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Following in the footsteps of Facebook and Instagram, Twitter also rolls out the autoplay video feature primarily aimed at luring advertisers.

Twitter has finally rolled out its first auto-playing videos feature, the company announced on Tuesday via its official blog post. The new feature has been rolled out primarily to drive the growth of its advertising platform, just like what Facebook did last year, and the results speak for themselves. It’ll be rolled out initially on the iOS and Twitter.com, while its Android version will be available soon.

With this new update, Native videos, GIFs, and Vines will start playback automatically, said the company on Tuesday. Videos will appear much bigger and will autoplay on mute on a user’s timeline, something remarkably similar to what we see on Instagram. Users will be allowed to retweet, favorite or comment on the video as usual.

“Starting today, videos will appear in a larger, more media-centric format in timelines. During the autoplay tests we ran, we saw people engaging with videos in this new format at a much higher rate, and our brand and publishing partners saw improved view rates. All of this resulted in lower cost-per-views for marketers and increased video recall by consumers,” said senior product manager David Regan.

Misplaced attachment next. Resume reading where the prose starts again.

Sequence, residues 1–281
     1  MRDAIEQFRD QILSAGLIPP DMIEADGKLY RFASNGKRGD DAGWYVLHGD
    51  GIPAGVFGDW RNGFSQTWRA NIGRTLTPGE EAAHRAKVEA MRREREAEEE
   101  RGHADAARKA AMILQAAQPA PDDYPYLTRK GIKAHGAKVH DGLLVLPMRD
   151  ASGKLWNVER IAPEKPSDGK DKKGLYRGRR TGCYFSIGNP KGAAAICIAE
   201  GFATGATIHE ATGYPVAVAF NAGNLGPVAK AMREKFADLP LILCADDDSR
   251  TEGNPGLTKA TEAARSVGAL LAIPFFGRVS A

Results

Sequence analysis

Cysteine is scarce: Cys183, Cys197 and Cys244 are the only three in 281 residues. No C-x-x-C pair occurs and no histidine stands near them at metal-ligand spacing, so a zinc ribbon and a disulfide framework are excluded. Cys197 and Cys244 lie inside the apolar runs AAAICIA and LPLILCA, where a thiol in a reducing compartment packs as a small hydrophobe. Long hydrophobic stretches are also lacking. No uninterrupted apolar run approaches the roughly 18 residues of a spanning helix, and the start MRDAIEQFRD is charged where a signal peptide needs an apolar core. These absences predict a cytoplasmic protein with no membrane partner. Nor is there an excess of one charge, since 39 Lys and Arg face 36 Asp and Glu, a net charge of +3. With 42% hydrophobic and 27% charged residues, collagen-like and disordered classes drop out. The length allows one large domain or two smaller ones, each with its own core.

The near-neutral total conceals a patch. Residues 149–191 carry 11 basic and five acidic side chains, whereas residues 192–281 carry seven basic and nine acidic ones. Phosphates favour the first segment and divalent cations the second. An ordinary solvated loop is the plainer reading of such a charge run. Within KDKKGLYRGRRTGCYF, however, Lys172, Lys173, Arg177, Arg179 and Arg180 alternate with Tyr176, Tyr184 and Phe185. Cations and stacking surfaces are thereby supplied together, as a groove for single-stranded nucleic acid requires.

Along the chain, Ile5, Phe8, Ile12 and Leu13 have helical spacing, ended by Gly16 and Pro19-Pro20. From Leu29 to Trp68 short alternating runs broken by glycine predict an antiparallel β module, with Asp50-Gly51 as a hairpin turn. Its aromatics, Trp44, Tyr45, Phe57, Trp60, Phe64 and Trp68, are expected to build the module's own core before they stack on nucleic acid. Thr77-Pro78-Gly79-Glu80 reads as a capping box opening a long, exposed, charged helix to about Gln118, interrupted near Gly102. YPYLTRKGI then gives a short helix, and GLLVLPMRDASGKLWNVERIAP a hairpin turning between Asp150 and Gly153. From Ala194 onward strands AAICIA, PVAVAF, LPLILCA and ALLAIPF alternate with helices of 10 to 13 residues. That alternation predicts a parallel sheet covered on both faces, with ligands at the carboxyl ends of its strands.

Twitter autoplay videos

Though for obvious reasons, users have been pretty cynical about the new autoplay feature. The Twitterverse has been bloated with rather a skeptical reaction from users, as they believe it concerns advertisers more than users.

However, autoplay videos now aren’t really that annoying as they used to be in the past, if done in the right way. Facebook apparently found a way to counteract the situation, reportedly inspired by newspaper ads in Harry Porter movies. They introduced autoplay videos that come to life as and when a user scrolls on it and retreats to its original state the moment a user moves on. Most importantly, videos autoplay on mute unless and until a user specifically clicks or taps to turn the sound on. The same would be the case for Twitter. Hence the new autoplay feature really shouldn’t be that much of a concern and annoyance for users.

If users still find it disturbing, they will still be in charge as Twitter will allow users to manually turn off the feature via the settings menu.

“Remember, you have ultimate control through your settings. You can choose to revert to the previous click-to-play experience all the time or simply have videos autoplay only when you’re connected to Wi-Fi. If you’re somewhere with high data rates or you have low bandwidth on your device, we’ll opt you out of autoplay to avoid unexpected charges or slow performance; so you’ll continue to see videos as click-to-play,” Twitter explained in a blog post.

The move comes shortly after Twitter CEO Dick Costolo announced that he’ll be stepping down on July 1st, to be replaced by Jack Dorsey as interim CEO. Notably, this new feature has been rolled out in less than two months since the company announced its first quarter earnings, as the company failed to meet its revenue expectations and said it’ll be focusing more on advertisers to boost its revenue.

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